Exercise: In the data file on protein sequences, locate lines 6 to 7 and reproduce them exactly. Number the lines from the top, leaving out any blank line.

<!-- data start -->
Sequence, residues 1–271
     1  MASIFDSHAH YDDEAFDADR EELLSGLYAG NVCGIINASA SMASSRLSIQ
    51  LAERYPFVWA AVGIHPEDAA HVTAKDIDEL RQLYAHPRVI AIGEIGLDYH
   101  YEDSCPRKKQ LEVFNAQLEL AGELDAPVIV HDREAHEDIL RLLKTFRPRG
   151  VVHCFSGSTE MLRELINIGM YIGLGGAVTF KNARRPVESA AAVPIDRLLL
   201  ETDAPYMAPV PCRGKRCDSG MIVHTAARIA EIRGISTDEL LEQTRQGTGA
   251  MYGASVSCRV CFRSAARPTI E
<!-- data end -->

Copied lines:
   201  ETDAPYMAPV PCRGKRCDSG MIVHTAARIA EIRGISTDEL LEQTRQGTGA
   251  MYGASVSCRV CFRSAARPTI E